Voting is a constitutional right. Which is why potentially losing that right due to careless error on the part of election officials, as happened in Tower on Aug. 14, is so unconscionable. We’ve already reported on the circumstances of what happened, so we won’t repeat the story here.
Sadly, this was just another example of official conduct in the city that fails to meet the usual standards of due diligence and attention to detail. And this isn’t the first time that we’ve seen violations of election rules in Tower elections in recent years.
The question is, what does the Tower City Council intend to do about it? And, by that, we mean not only to address the harm done to city residents who may have lost their right to vote in the primary, but to ensure that some other election error does not threaten the rights of Tower voters in the general election on Nov. 6.
Ultimately, it is the city council that is responsible for last week’s voting snafu, when election officials handed out ballots for the wrong precinct to as many as 25 city residents, or about one-in-five voters. The city council is charged with the ultimate oversight of city operations, so it is up to the council to ensure that this does not happen again.
Unfortunately, time and again, we’ve witnessed a city council that is astonishingly lackadaisical in undertaking its oversight role. In recent months, we’ve seen and reported on multiple violations of the state’s Open Meeting Law. We’ve reported on blown state deadlines for the Rose RV park EAW, a process that normally takes several weeks which took over two years to complete. Just last month, we saw the city council approve an airport project for which engineering and administrative fees constituted more than 50 percent of the construction cost, without asking a single question about how the engineering and oversight for relocating a wind sock and the installation of a new gate and 50 feet of airport fence could cost $30,000.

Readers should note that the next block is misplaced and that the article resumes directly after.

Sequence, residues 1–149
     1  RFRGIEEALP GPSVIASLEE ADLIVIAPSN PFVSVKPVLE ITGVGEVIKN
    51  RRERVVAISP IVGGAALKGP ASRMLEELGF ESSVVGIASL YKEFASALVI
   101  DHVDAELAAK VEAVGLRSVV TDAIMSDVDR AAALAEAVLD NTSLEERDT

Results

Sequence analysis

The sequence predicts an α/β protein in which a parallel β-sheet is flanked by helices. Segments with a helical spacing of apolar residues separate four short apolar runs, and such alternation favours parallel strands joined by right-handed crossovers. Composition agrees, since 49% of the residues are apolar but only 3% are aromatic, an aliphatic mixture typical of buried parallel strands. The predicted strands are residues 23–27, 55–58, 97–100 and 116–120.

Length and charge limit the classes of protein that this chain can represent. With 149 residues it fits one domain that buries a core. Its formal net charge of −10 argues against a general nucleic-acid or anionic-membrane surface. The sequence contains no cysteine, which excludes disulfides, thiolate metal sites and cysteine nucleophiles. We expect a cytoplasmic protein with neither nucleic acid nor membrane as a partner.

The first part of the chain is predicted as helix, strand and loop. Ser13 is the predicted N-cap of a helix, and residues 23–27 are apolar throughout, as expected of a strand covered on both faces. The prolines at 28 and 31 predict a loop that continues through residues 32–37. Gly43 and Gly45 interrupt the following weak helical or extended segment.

We’ve seen questionable decisions on a number of issues where it appears that councilors failed to take steps to adequately inform themselves of the consequences of their actions.
It’s been suggested by some that city officials are operating efficiently because council meetings usually take less than an hour, and sometimes much less. We’re all for efficiency, but we prefer transparency. And when we see a city council that routinely runs through an entire agenda in thirty minutes without asking a single question, even on major spending items, that’s not efficiency— it’s evidence that the actual discussion on important city matters is taking place outside of public meetings. Either that, or members of the council quit doing their jobs a long time ago.
We know that most members of the council are counting the days until their terms expire. It’s telling that not one of the three members, including the mayor, who would be up for re-election in November, chose to run again. But before they check out completely from their roles as city leaders, they should do one last thing— find out how this latest election mess occurred, document it, and hold the appropriate people accountable. At least then they can leave office knowing they made a constructive contribution to Tower’s future.